Peggy, meanwhile, packs as much as she can fit into her suitcases.  She then heads to the auto shop and finds the car fully repaired.  Sonny reports that everything has been fixed, from top to bottom.  Peggy gives him a check and tells him to wait until the end of the month to cash the check.  However, before leaving, Peggy stops and returns to the shop.  She asks if Sonny would like to buy the car.  After all, they need cash to buy the butcher shop.

As for Peggy’s trip, she just now decided to not go.  Sonny can only give around $700, even though the car is probably worth $1400.  And with that, Peggy heads home, feeling proud of herself.

The Gift of the Magi- Bear thanks Hanzee for his work

At the Gerhardt home, Bear speaks with Hanzee about this morning.  Though there were losses on both sides, Hanzee reports that the message has been delivered.  On behalf of himself and Floyd, Bear thanks Hanzee for his service.  Ever since Otto took him in when he was nine, he never complained.  Bear considers Hanzee a part of this family, not that Dodd would ever say that.  Even still, Hanzee’s actions have escalated this war.

Then Dodd returns, still waiting for Simone, and orders Bear to leave Hanzee alone, since he’s his man.  Dodd is disappointed that Bear likes taking orders from a woman, even if it is Mom.  Bear warns that there will be a reckoning where all souls will be held accountable for their actions.  Dodd doesn’t give much thought to that.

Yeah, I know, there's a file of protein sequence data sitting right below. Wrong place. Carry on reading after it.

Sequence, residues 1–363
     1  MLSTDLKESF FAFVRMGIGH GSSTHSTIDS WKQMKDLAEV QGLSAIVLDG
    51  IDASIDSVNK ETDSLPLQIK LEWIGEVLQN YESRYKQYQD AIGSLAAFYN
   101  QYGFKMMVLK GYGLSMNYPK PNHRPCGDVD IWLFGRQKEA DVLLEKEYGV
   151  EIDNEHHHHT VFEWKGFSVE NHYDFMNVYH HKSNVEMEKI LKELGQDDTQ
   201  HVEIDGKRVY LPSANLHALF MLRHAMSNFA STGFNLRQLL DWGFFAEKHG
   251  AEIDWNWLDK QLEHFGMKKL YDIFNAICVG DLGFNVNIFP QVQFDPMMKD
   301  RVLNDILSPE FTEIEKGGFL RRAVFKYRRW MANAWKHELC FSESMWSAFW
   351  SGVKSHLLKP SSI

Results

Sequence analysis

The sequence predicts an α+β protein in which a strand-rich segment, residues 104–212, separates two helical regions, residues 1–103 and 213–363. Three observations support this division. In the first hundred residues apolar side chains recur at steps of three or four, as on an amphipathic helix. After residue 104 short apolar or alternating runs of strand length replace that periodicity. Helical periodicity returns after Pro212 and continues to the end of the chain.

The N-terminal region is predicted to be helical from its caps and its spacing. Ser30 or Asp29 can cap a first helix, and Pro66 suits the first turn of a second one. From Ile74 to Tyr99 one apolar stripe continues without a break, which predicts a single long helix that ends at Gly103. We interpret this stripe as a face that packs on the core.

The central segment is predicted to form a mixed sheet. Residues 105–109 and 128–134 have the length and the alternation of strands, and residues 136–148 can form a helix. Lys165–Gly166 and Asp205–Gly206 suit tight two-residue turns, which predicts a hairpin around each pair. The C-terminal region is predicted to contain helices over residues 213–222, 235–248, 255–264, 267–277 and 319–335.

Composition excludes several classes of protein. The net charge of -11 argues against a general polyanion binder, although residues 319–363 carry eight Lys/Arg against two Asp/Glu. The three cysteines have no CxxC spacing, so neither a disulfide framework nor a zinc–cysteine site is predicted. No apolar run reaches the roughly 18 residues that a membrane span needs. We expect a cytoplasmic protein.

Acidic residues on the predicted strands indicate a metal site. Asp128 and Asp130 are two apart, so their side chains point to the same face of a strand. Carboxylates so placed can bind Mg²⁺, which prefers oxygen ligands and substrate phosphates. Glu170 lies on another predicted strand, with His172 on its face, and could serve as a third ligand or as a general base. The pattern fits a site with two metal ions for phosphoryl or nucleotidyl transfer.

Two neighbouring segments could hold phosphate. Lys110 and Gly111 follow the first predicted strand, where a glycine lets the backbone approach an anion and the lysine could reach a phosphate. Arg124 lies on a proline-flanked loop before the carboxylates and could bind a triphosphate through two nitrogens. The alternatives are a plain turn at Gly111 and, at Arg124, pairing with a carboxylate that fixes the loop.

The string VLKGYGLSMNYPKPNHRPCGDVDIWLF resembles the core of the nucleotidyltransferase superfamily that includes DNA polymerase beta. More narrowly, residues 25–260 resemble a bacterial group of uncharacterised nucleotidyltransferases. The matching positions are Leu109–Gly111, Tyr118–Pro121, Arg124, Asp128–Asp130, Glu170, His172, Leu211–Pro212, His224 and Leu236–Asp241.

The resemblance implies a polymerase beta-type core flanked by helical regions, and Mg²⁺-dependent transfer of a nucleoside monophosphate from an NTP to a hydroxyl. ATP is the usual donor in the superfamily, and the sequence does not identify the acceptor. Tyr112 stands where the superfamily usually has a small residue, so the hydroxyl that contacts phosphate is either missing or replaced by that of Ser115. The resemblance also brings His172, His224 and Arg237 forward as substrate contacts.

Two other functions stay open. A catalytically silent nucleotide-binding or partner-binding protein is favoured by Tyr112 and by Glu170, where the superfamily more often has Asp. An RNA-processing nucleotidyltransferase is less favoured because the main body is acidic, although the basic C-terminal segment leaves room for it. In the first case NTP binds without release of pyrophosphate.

The Gift of the Magi- Ronald Reagan and Lou Solverson talk at the urinals

Back on the campaign trail, Lou and Reagan bond at the urinals- the one place to have small talk.  Governor Reagan asks where Lou served and Lou responds that it the Mekong Delta.  Reagan thinks back to 1942, when America just joined, but then talks about his service…of working on Operation Eagle’s Nest for Paramount.  He got dropped behind enemy lines trying to rescue Jimmy Whitmore and Laraine Day from this SS commando.  Reagan can’t remember if they made it out, but it was a hell of a picture.

Lou mentions that his wife has stage three lymphoma.  He wonders if the sickness of this world could also be inside his wife.  He asks Mr. Reagan if they’ll get out of this mess.  Reagan responds that there’s not a mess that can’t be overcome by an American.  Okay, but how?  And that’s when Reagan leaves.  Great talk.

The Gift of the Magi- Hank visits Betsy and Molly

At House Solverson, Betsy takes one of her pills from her trial drug bottle before paying extra attention to Molly’s artwork of the family and a UFO.  Okay.  Hank soon enters, as he got worried, plus Lou has maybe two hours left on this Reagan detail.  Right now, Betsy can’t decide if she’s hungry or wants to throw up, but that’s just a symptom.  Betsy heads off with some rest and asks if Hank will watch Molly.  He agrees, so they’ll just be eating sugar cereal and playing with his service weapon.  Maybe this is when Molly learned how to shoot.

The Gift of the Magi- Charlie fires at Ed

Charlie calls to speak with his father and admit that he’s ready for school.  In the meantime, he’s gotta finished what he started, so he heads back in the shop just as Ed goes in the back.  Charlie enters and locks the door behind him.  As he heads for the back, he points his gun at Ed, but then Noreen exits the bathroom.  The distraction causes Charlie to fire.  His gun jams and the fired bullet sparks a blaze.  Virgil enters and fires a shot that ends up hitting Charlie.